Economic policy of the Hugo Chávez government

From his election in 1998 until his death in March 2013, the administration of the late Venezuelan president, Hugo Chávez, proposed and enacted socialistic economic policies.

In the early 2000s when oil prices soared and offered Chavez funds not seen since the beginning of Venezuela’s economic collapse in the 1980s, Chávez’s government became “semi-authoritarian and hyper-populist” and consolidated its power over the economy in order to gain control of large amounts of resources.[1][2] Domestically, Chavez used such oil funds for populist policies, creating the “Bolivarian Missions,” aimed at providing public services to improve economic, cultural, and social conditions.[1][3] Such policies included redistribution of wealth, land reform, and democratization of economic activity via workplace self-management and creation of worker-owned cooperatives.[3] Internationally, the Chávez administration used oil production to increase autonomy from U.S. and European governments and used oil funds to promote economic and political integration with other Latin American nations.[3]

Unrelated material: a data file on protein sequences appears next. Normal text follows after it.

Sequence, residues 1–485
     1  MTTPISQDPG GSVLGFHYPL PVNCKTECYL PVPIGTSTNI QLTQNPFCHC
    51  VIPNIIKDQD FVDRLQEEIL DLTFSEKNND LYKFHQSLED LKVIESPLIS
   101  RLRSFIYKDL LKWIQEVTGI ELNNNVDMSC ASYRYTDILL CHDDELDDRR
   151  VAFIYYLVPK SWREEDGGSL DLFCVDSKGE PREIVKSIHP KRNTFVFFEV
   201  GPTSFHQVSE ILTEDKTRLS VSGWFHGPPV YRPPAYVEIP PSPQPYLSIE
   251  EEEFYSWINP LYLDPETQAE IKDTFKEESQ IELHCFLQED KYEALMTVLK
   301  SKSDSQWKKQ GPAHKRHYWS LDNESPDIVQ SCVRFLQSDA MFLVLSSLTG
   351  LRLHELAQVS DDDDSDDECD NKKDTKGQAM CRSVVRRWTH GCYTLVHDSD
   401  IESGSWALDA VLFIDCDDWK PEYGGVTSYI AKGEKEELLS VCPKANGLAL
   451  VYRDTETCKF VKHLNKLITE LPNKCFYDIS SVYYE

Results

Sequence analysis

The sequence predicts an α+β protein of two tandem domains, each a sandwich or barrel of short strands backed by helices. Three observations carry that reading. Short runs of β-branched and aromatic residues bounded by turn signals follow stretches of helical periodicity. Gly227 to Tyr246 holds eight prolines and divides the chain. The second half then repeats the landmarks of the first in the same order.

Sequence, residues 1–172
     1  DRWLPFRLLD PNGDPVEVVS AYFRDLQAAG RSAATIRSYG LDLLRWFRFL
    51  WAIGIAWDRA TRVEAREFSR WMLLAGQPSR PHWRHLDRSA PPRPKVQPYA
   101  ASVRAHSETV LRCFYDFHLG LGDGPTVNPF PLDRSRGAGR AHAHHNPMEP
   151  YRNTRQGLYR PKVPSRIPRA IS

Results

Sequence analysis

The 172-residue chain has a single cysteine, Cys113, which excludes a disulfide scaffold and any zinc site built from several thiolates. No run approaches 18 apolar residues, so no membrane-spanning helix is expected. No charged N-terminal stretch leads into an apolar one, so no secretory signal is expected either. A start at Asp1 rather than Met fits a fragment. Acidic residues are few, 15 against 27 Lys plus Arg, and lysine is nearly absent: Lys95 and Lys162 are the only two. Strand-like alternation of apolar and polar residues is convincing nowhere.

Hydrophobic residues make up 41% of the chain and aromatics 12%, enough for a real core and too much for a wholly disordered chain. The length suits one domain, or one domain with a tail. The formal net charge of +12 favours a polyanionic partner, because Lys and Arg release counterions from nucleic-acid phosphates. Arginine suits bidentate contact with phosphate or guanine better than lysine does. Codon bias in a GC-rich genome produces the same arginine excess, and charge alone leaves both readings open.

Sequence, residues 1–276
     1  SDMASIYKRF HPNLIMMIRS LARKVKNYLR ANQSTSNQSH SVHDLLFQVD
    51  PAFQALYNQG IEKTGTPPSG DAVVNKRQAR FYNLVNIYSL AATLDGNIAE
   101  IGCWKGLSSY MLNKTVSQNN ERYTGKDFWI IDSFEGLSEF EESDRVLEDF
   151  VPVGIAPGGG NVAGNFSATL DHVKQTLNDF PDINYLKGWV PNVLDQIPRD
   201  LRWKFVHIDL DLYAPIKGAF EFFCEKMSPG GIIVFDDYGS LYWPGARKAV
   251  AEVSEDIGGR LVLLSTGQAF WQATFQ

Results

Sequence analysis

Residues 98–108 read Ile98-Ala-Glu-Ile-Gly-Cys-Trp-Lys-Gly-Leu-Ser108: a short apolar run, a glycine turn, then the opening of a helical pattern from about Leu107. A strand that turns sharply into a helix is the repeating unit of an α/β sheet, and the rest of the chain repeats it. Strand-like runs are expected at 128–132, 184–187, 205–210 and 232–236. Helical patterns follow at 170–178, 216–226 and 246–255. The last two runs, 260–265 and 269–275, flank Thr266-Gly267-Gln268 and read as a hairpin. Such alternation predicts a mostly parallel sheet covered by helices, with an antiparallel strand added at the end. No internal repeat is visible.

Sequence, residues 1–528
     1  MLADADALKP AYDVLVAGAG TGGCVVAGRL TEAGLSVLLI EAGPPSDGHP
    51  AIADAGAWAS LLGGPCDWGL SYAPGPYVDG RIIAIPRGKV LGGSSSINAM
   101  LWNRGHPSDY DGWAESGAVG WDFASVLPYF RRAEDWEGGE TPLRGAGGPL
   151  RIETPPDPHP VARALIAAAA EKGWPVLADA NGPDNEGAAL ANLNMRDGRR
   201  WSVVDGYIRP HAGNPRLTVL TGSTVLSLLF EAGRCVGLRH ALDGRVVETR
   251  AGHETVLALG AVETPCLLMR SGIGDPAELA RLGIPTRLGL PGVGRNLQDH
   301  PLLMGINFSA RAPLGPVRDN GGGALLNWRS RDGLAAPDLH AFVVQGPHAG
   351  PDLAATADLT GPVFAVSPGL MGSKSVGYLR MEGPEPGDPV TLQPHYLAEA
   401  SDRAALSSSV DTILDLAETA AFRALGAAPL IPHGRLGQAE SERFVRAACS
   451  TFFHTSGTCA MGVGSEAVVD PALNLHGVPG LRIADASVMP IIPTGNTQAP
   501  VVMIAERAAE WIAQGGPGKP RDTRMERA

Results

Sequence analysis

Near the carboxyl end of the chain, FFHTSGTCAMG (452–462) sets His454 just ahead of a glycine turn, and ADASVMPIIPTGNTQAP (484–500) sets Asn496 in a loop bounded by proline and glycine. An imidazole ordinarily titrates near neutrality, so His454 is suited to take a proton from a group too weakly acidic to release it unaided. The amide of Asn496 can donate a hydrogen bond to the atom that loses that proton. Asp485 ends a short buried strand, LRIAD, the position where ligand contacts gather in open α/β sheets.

https://en.wikipedia.org/wiki/Economic_policy_of_the_Hugo_Ch%C3%A1vez_government

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